Welcome to the 50th year of Texas Highways. Throughout 2024, we’re celebrating our anniversary with special features, inspiring content, and a fresh new look as we guide you on your next Texas adventure.
Texas Highways Milestones
Before Texas Highways became a consumer magazine, it was known by the slightly less charming name Construction & Maintenance Bulletin, an internal publication for the employees of the Texas Highway Department. Founded in 1950, the bulletin covered highway design, construction, and maintenance. From those humble origins, the publication evolved into a beloved multimedia brand with a peak subscriber base of nearly 440,000 and 2 million website visitors annually. Here, we highlight the magazine’s decades of progress and accomplishments.
Texas Highways gets its name
The Texas Highway Department—now known as the Texas Department of Transportation—changes the name of its in-house publication from Construction & Maintenance Bulletin. But the shift from an internal, technical publication to a travel-focused magazine occurs gradually over many years.
The Lively years
Frank Lively is named editor in August. Lively, who would go on to lead Texas Highways for 28 years, begins adding stories about historical events and places and other topics of general interest.
Texas Highways becomes a consumer magazine
Under Lively’s direction, the magazine fully transitions to a consumer publication, with an annual subscription price of $4.50. The May 1974 issue is the first issue devoted entirely to travel stories and produced for the general public. Stories center on “the Texas Indian, with a look at his past, his present and his future,” the cover credit on Page 1 explains.
Texas wildflowers appear on the cover for the first time
The June 1974 cover features “a field strewn with pink evening primrose and Indian paintbrush showing why the ‘primrose path’ has always been associated with beauty, tranquility and happiness.” A year later, in 1975, bluebonnets make their cover debut.
The state Legislature names Texas Highways the official state travel magazine
Gov. Dolph Briscoe signs a resolution by the state Legislature declaring the magazine’s official status.
Texas Highways achieves global distribution
People in 48 foreign countries and all 50 states are able to purchase copies.
The Texas Highways calendar debuts
After readers write in asking for a calendar featuring the magazine’s photography, Texas Highways releases its annual calendar—a product that is still produced annually.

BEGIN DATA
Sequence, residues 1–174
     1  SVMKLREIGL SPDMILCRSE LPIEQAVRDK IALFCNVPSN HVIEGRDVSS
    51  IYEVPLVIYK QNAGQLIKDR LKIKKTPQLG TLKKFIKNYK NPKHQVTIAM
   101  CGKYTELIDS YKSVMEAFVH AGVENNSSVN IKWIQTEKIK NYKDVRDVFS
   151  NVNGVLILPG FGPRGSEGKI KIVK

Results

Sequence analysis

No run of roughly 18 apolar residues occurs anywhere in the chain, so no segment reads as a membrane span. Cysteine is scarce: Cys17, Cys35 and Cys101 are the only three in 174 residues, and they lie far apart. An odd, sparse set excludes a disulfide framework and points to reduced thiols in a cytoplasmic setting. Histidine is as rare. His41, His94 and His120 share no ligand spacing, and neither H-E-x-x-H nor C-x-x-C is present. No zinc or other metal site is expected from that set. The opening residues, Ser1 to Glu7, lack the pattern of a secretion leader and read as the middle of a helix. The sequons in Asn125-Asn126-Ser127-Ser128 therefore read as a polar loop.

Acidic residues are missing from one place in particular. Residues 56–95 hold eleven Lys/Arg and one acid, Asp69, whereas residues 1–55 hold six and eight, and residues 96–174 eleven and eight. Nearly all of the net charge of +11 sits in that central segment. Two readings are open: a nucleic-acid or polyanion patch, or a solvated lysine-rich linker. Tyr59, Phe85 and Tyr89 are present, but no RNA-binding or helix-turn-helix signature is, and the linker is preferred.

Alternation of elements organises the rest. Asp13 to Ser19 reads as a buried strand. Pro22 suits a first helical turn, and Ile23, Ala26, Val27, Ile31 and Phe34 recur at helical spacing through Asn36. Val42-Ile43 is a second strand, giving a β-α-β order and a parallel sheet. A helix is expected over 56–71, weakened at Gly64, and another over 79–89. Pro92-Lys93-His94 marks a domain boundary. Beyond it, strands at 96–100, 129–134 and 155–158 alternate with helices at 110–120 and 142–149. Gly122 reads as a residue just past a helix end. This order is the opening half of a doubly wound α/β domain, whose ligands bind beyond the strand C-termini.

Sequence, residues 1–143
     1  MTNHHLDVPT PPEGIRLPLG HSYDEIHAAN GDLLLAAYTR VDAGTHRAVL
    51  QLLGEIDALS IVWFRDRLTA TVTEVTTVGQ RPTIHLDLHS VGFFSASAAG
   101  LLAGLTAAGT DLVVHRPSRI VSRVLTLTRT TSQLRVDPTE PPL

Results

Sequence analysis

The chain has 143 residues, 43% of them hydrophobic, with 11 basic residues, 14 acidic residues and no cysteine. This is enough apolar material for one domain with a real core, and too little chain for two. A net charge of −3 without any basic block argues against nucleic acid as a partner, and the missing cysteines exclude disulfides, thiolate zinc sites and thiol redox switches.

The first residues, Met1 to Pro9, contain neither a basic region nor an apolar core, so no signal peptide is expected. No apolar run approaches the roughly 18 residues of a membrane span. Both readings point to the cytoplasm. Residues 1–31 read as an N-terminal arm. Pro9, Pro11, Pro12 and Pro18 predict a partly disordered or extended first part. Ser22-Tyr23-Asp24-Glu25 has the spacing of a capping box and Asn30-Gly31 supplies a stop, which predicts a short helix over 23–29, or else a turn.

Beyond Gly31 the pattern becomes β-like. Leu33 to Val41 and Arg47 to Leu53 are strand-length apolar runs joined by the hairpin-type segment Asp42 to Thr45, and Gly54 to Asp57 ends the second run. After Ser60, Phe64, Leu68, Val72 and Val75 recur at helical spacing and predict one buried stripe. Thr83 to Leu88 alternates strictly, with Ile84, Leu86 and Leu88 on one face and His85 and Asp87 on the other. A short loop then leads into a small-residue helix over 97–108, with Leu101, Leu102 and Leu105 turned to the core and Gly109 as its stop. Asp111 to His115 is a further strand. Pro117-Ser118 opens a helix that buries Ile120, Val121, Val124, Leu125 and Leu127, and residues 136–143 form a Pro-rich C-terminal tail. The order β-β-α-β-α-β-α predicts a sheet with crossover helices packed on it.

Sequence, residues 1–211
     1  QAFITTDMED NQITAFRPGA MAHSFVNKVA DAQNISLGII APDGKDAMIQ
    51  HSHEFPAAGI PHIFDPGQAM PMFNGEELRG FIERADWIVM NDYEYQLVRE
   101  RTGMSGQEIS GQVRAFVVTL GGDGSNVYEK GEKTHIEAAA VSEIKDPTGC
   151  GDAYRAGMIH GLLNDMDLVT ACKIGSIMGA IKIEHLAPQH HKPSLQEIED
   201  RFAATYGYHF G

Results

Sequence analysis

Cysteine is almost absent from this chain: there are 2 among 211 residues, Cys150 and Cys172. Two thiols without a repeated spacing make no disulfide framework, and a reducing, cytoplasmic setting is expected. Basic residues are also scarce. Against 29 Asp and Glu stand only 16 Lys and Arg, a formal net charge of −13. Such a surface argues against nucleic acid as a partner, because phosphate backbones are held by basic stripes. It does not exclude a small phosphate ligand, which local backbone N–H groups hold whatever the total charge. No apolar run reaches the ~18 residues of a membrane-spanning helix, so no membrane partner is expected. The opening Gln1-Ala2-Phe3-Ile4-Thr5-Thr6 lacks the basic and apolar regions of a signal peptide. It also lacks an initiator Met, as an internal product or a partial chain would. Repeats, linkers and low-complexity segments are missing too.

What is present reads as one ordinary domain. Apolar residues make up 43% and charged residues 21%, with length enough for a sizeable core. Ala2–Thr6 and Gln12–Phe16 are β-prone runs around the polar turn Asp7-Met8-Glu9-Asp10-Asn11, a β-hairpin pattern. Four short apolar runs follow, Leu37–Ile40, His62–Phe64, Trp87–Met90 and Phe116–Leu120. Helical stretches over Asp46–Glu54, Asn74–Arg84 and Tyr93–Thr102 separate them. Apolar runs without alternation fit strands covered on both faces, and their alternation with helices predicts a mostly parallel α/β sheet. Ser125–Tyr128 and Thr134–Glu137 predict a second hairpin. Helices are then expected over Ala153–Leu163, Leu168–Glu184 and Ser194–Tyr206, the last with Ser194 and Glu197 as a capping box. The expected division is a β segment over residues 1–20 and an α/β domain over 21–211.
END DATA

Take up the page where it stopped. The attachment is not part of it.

Texas Highways receives the first-ever Texas Award for Historic Preservation from the Texas Historical Commission
The magazine is recognized for its “significant contributions toward preserving Texas history, architecture, archeology, and culture.”
Texas’ 150th anniversary
The Legislature names Texas Highways the official publication of the Texas Sesquicentennial.
The magazine achieves peak circulation
Texas Highways reaches its highest number of subscribers: 439,836.
Texashighways.com goes live
The initial version of the website is sweet and simple. Visitors get a monthly glimpse into the latest print issue. Today, about 2 million users visit the site every year.
The True Texan brand is born
After a redesign in 2013, products with the words “True Texan” debut to celebrate the distinctive Texas experience. An exclusive “True Texan” sticker can be seen on vehicles across the state and is still available for purchase.
The first perfect bound issue comes out
The March 2018 issue switches from staple saddle-stitch to perfect binding.
Texas Highways receives its first National Magazine Award nomination
The magazine is a finalist at the country’s most prestigious magazine award show. Three essays from the Open Road section, which debuted in 2018, are nominated in the Columns and Commentary category alongside entries from The Atlantic, The Economist, The New Yorker, and The Paris Review.
Travel Back in Time
Much of what we call iconic Texas destinations today were just starting to gain popularity when Texas Highways came into the fold. Here’s what some of our favorite places looked like in our pages 50 years ago.
The Gladys Porter Zoo in Brownsville
The Strand in Galveston
South Padre Island
Wurstfest in New Braunfels
Washington’s Birthday Celebration in Laredo
Terlingua Chili Cookoff
Cadillac Ranch in Amarillo
Fiesta in San Antonio
The Texas State Fair
Dinosaur Valley State Park in Glen Rose
The Road Ahead
Stay connected with us as we enter the next era of Texas Highways. We hope you’ll join us on the road.